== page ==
I had planned to go to the
national museum before I met up with Laura (under the clock at Stockmann’s of course, the traditional meeting place in Helsinki) but it didn’t open until 11 so I went to Kiasma, the contemporary art museum first while the heavens opened. Click the photos to embiggen them.
The karhu that guards the national history museum
Outside the music center, perhaps the pike Väinämoinen wrestled
It’s always fun to see what they put in this big, two-level gallery space
In the video section, some recently recovered Warhol films, including John and Yoko at the former’s birthday party (some footage appeared in the Imagine video). Shocked to see John with the same shoes I had in 8th grade O.O
Väinämoinen and the pikebone kantele — actually without pigeons this time!
Have to say hello to Havis Amanda: on May Day she is covered by students’ white caps (and drunken students)
A great public art initiative, putting interesting works on the boring electrical boxes along the street
At the observatory: the astronomers had to lay on the sofa to avoid movement
What fun! A Star Wars toy exhibit, demonstrating how childhood fun can lead to lifelong ambition. Laura brought her children to the observatory when they were young and now Jyri studies and works at observatories around the world
The young woman working there knew Jyri, so we got a few extras on the tour like the eastern rotunda not currently open to the public (learn more http://www.observatorio.fi/english/about.html)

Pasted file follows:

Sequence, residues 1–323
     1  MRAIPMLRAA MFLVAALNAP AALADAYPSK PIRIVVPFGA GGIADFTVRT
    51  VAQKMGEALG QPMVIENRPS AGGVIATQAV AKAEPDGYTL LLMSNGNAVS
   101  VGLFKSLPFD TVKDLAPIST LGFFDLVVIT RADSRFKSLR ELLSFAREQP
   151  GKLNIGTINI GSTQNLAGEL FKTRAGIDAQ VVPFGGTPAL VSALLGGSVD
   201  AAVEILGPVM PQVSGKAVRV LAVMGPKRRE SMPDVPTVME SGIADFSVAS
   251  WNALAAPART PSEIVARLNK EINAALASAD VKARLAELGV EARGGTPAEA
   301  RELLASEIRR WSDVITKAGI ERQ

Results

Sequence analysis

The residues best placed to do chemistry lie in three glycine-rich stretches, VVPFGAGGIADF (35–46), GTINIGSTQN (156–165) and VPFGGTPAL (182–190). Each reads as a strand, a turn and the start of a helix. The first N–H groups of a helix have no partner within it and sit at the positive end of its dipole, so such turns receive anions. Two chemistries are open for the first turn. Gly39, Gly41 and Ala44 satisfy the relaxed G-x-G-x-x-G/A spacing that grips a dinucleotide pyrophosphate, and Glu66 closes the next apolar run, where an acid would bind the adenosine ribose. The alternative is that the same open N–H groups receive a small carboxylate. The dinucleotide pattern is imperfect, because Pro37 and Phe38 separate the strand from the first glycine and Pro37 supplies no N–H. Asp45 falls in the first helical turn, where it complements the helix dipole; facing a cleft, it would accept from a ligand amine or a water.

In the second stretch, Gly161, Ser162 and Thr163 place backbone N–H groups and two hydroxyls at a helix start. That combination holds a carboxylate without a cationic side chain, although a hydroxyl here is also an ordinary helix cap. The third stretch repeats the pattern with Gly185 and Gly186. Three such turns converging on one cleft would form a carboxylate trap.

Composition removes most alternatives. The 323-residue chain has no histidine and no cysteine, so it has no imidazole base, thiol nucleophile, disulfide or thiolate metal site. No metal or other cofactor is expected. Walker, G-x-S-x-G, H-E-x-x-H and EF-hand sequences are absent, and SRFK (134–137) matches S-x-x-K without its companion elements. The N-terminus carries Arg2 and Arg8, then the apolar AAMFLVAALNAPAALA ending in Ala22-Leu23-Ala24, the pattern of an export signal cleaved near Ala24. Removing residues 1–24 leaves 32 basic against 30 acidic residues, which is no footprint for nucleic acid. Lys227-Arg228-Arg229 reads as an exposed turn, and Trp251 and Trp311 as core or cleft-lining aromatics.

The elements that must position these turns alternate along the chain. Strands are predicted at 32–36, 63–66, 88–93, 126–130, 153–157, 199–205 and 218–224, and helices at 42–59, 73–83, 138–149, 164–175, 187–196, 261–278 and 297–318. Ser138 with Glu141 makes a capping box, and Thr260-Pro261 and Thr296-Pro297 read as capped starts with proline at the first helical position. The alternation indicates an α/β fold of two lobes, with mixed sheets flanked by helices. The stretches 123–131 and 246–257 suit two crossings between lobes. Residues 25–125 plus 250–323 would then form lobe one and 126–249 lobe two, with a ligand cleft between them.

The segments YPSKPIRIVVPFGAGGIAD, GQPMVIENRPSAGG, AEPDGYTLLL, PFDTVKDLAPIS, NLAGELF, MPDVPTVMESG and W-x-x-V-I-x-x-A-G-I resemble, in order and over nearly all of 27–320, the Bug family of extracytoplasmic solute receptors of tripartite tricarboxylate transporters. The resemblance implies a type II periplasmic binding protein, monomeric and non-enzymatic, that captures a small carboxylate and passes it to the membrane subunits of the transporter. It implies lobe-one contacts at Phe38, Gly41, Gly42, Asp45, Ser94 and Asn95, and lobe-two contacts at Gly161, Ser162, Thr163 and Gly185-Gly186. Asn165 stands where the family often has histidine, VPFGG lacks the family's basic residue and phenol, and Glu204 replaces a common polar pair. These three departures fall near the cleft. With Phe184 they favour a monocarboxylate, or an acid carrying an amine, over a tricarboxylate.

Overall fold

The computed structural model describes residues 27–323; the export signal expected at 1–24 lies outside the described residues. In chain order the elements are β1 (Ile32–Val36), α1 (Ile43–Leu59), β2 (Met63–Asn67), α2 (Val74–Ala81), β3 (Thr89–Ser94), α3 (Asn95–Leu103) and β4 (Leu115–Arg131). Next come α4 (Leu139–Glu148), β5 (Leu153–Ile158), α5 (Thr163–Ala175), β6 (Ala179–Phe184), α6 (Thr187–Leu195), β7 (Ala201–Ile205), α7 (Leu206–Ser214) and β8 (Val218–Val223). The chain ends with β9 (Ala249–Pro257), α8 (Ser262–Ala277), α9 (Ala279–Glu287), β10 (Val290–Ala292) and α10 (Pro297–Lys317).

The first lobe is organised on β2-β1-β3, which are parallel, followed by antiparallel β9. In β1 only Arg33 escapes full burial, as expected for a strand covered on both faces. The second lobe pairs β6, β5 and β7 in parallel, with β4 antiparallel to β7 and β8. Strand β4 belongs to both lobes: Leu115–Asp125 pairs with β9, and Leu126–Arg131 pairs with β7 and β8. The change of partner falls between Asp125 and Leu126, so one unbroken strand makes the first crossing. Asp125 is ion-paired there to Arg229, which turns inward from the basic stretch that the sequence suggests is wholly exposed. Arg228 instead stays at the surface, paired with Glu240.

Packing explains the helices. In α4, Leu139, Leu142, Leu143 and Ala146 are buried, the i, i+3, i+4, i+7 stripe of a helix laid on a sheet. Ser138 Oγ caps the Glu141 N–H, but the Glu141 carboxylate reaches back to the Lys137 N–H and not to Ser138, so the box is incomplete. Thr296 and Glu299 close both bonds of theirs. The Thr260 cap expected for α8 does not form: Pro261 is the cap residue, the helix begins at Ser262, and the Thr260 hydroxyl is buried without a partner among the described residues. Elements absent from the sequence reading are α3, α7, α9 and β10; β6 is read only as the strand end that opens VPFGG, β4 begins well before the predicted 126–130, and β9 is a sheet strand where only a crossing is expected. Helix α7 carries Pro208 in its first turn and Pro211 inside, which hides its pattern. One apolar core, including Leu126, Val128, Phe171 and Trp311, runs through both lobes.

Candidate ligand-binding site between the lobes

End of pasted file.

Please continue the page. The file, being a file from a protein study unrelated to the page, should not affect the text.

The architect wanted balance always, so since there was only one door leading to the rotunda, he had a second one painted in the lecture room. On the chalkboard equations remained from the last lecture given there several years ago.
We also got to go up in one of the towers; the walkway had a low ceiling. One astronomer’s boys used it as a shooting range, so there were bullet holes in the door leading to the telescope.
The telescope, much newer than the building yet rather old by scientific standards. Still used though — and you had to be sure to close the doors to the hatch so you didn’t fall through while shifting the telescope.
There’s a sweet little café on the grounds, too. We had a salmon quiche and some cold drinks. Laura knows everyone — including the café owner! It was lovely, but even better was dinner that night with the family. Thanks Laura, Risto and Jyri!
A beautiful afternoon in the Plague Park (Ruttopuisto) where the oldest church in the city can be found along with the memorials for those who died.
Of course Lönnrot’s statue is well kept; the compiler of the folk runes that make up the Kalevala has an important legacy for all of Finand and the eternal sage and Aino make a rapt audience in perpetuity.
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